Early response of plant cell to carbon deprivation: in vivo31P-NMR spectroscopy shows a quasi-instantaneous disruption on cytosolic sugars, phosphorylated intermediates of energy metabolism, phosphate partitioning, and intracellular pHs
Article first published online: 3 SEP 2010
© The Authors (2010). Journal compilation © New Phytologist Trust (2010)
Volume 189, Issue 1, pages 135–147, January 2011
How to Cite
Gout, E., Bligny, R., Douce, R., Boisson, A.-M. and Rivasseau, C. (2011), Early response of plant cell to carbon deprivation: in vivo31P-NMR spectroscopy shows a quasi-instantaneous disruption on cytosolic sugars, phosphorylated intermediates of energy metabolism, phosphate partitioning, and intracellular pHs. New Phytologist, 189: 135–147. doi: 10.1111/j.1469-8137.2010.03449.x
- Issue published online: 30 NOV 2010
- Article first published online: 3 SEP 2010
- Received: 16 June 2010, Accepted: 22 July 2010
- in vivo nuclear magnetic resonance (NMR) spectroscopy;
- inorganic phosphate;
- intracellular pHs;
- plant cells;
- sugar starvation
- •In plant cells, sugar starvation triggers a cascade of effects at the scale of 1–2 days. However, very early metabolic response has not yet been investigated.
- •Soluble phosphorus (P) compounds and intracellular pHs were analysed each 2.5 min intervals in heterotrophic sycamore (Acer pseudoplatanus) cells using in vivo phosphorus nuclear magnetic resonance (31P-NMR).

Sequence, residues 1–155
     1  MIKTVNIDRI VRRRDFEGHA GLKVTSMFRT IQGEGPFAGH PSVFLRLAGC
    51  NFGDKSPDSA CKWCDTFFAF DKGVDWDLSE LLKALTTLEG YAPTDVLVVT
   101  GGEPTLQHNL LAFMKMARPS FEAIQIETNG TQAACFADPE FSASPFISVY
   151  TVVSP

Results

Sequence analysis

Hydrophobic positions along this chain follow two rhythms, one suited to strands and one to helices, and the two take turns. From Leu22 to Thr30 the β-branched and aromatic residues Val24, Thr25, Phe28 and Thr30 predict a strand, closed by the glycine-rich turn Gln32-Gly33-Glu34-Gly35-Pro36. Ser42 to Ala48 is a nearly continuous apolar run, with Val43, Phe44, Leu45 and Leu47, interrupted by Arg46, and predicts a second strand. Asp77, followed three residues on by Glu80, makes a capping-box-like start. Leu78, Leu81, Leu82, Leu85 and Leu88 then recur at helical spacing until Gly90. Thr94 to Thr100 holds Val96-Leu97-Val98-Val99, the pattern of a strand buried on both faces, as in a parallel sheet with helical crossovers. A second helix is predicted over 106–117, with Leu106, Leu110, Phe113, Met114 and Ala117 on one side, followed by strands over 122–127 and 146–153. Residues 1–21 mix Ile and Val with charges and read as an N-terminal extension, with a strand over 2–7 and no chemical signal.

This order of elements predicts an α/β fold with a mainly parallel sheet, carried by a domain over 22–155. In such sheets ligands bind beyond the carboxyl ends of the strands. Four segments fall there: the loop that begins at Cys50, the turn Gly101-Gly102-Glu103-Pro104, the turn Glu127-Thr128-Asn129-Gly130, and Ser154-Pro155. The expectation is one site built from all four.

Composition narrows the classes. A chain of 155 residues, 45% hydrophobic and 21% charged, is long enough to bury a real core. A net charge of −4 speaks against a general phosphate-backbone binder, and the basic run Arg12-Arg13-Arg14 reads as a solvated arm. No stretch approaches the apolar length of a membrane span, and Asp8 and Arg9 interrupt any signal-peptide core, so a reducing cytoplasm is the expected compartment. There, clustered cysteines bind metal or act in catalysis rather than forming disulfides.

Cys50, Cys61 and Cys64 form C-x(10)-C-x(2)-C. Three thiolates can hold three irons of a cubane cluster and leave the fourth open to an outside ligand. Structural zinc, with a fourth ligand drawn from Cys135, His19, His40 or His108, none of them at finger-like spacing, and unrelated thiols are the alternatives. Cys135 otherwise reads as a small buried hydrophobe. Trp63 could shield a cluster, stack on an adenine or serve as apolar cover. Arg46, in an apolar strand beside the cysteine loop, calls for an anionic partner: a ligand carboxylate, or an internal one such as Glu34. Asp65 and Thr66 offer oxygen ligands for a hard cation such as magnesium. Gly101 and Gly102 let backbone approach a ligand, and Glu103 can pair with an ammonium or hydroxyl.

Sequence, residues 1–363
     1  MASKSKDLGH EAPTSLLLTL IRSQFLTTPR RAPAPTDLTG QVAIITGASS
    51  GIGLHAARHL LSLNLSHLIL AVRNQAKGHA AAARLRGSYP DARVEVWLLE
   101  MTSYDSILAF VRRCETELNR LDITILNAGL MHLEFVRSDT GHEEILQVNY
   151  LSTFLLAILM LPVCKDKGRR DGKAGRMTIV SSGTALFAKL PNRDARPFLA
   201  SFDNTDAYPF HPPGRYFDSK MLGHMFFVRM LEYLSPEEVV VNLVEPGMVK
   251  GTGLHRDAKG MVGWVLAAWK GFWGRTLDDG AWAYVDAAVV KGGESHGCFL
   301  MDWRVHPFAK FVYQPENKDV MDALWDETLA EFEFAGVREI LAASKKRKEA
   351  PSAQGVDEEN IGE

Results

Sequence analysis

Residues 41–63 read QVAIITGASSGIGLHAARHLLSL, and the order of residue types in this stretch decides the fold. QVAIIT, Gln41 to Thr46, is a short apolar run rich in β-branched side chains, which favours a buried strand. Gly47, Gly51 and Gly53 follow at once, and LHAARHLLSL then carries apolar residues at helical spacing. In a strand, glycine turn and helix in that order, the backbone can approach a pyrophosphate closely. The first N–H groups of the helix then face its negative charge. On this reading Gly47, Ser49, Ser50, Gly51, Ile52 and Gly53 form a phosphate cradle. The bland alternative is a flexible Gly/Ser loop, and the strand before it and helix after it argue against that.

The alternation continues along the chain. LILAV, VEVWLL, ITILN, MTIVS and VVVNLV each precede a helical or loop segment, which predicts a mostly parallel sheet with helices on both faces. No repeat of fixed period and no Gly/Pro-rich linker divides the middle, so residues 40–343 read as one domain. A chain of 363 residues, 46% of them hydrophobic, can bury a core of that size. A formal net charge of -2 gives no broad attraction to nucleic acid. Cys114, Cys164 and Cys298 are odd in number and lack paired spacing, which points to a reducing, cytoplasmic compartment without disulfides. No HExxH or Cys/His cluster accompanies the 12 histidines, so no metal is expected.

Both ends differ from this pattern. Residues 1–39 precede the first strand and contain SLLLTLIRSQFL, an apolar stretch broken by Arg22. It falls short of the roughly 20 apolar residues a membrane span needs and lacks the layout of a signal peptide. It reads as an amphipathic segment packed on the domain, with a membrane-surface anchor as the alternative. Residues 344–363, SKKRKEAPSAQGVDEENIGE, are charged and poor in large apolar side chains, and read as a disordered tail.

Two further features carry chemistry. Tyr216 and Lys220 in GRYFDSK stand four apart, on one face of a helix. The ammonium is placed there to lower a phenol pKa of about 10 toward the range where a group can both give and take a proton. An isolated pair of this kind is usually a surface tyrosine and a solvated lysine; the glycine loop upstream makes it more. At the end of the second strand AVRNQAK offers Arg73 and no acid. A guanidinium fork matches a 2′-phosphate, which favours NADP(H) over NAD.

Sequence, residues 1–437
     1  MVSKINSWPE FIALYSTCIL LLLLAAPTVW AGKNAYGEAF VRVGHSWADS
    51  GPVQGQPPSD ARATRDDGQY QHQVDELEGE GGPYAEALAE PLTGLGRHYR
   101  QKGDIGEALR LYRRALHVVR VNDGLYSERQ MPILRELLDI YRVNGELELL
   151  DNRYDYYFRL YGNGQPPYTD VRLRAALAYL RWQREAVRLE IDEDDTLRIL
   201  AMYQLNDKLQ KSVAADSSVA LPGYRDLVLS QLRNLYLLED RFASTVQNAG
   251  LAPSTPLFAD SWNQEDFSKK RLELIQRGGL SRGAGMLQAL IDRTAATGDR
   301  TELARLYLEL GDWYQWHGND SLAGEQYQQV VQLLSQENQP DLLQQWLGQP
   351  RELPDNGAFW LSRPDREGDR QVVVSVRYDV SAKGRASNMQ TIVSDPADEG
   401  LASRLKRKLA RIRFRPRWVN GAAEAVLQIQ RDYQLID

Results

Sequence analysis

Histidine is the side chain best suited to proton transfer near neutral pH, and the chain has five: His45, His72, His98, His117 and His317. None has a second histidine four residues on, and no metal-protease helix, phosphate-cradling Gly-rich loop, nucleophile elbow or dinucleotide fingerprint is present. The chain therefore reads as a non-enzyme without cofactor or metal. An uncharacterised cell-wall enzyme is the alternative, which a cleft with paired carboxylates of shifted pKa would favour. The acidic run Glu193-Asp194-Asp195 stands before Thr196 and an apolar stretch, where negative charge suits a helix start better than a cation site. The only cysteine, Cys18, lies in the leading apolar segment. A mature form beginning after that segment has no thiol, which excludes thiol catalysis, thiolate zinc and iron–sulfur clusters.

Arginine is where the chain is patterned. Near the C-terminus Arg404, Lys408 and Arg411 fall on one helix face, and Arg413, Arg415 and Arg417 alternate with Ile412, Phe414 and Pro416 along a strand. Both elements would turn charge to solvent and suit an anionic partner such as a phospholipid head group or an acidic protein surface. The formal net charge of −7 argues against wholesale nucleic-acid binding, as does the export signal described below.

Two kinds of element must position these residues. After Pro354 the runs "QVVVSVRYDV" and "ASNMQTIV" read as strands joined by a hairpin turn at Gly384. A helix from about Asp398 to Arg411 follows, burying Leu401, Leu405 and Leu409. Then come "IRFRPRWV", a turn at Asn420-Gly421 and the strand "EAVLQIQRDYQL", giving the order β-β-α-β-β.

- •Upon external-sugar withdrawal, the glucose 6-P concentration dropped in the cytosol, but not in plastids. The released inorganic phosphate (Pi) accumulated transiently in the cytosol before influx into the vacuole; nucleotide triphosphate concentration doubled, intracellular pH increased and cell respiration decreased. It was deduced that the cytosolic free-sugar concentration was low, corresponding to only 0.5 mM sucrose in sugar-supplied cells.
- •The release of sugar from the vacuole and from plastids is insufficient to fully sustain the cell metabolism during starvation, particularly in the very short term. Similarly to Pi-starvation, the cell’s first response to sugar starvation occurs in the cytosol and is of a metabolic nature. Unlike the cytoplasm, cytosolic homeostasis is not maintained during starvation. The important metabolic changes following cytosolic sugar exhaustion deliver early endogenous signals that may contribute to trigger rescue metabolism.